Relief from Disabilities

Relief from disabilites is a federal remedy. The specific statute that establishes relief from disabilities is 18 U.S.C. § 925(c). The disabilities at issue in the relief from disabilities statute are disabilities relating to purchase, possession, and use of firearms.

Under federal law, any person convicted of a crime punishable by imprisonment exceeding one year cannot legally purchase, possess, or use any firearm. Relief from disabilities under 18 U.S.C. § 925(c), when granted, restores the person's right under federal law to again purchase, possess, or use a firearm.

18 U.S.C. § 925(c) specifies that application for relief is made to the United States Attorney General. Thereafter, authority to review these applications was transferred to the United States Bureau of Alcohol, Tobacco, and Firearms (“ATF”). But for many years, Congress, through the appropriations process, has specifically barred ATF from using any appropriated funds to review these applications. As a result, no processing of these applications takes place, and no relief is granted.

Applicants have sought judicial review from the refusal of ATF to consider applications. In almost every instance, the courts have ruled that they lack jurisdiction to provide such review. In essence, their reasoning is that the refusal of Congress to appropriate funds for review constitutes a legislative decision to not permit the relief that 18 U.S.C. § 925(c) would appear to provide.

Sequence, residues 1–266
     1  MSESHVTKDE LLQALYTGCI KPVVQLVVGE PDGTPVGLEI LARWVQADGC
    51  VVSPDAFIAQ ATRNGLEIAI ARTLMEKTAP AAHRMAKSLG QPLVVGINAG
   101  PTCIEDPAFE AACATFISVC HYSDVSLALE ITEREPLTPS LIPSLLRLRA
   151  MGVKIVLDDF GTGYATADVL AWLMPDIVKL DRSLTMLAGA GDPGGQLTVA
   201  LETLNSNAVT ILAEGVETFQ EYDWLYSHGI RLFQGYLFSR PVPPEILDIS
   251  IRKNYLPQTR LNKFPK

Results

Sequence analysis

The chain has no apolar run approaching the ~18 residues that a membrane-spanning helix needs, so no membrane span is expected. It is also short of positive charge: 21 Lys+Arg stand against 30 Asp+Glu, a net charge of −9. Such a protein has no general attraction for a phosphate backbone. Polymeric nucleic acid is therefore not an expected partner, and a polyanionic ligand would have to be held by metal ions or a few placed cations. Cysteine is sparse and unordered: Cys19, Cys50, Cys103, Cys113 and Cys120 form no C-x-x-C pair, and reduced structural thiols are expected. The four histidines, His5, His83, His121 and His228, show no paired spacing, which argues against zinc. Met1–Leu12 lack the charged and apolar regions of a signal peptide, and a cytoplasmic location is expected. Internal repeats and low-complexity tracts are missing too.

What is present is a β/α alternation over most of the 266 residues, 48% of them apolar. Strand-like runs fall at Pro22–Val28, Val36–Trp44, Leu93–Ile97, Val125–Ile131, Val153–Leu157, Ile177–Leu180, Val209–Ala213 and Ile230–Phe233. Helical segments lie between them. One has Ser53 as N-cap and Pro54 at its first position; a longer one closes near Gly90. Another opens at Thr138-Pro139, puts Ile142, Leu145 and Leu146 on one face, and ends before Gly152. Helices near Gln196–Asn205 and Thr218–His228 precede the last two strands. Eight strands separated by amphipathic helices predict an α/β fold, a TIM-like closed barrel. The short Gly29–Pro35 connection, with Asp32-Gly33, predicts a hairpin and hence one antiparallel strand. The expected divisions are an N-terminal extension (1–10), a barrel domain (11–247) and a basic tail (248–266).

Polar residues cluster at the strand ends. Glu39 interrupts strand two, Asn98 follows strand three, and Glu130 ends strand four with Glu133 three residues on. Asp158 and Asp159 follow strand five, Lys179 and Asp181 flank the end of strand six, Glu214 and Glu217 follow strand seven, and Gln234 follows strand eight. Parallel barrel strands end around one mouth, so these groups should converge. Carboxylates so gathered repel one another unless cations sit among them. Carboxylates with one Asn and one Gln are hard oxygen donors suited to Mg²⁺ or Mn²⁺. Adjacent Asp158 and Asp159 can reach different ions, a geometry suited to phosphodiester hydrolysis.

One case held otherwise. The United States Court of Appeals for the Third Circuit held that the courts do have jurisdiction to consider appeals from the refusal of ATF to act on the applications. Included within the Third Circuit are federal court actions arising in the State of New Jersey. Thus the door for New Jersey residents seeking relief from disabilities may be not completely shut.

The case where the Third Circuit allowed judicial review from the ATF refusal to act is Palma v. United States Department of Alcohol, Tobacco and Firearms, 228 F.3d 323 (3rd Cir., 2000). Note, however, that even though the Palma court did provide judicial review, it ultimately denied relief from disabilities on the merits of that case. Thus, to date, Expungement Lawyers in New Jersey™ are unaware of anyone who has succeeded in obtaining relief from disabilities since Congressional appropriations were discontinued.

Changes in the law since the year 2000 lead Expungement Lawyers in New Jersey™ to believe that this issue, if presented in a new case, could receive more favorable consideration. Note, though, that if the Third Circuit (or any other circuit) did grant such relief, there is a considerable likelihood that the United States Supreme Court would grant review of that decision in order to resolve the conflicting rulings between the various circuits.

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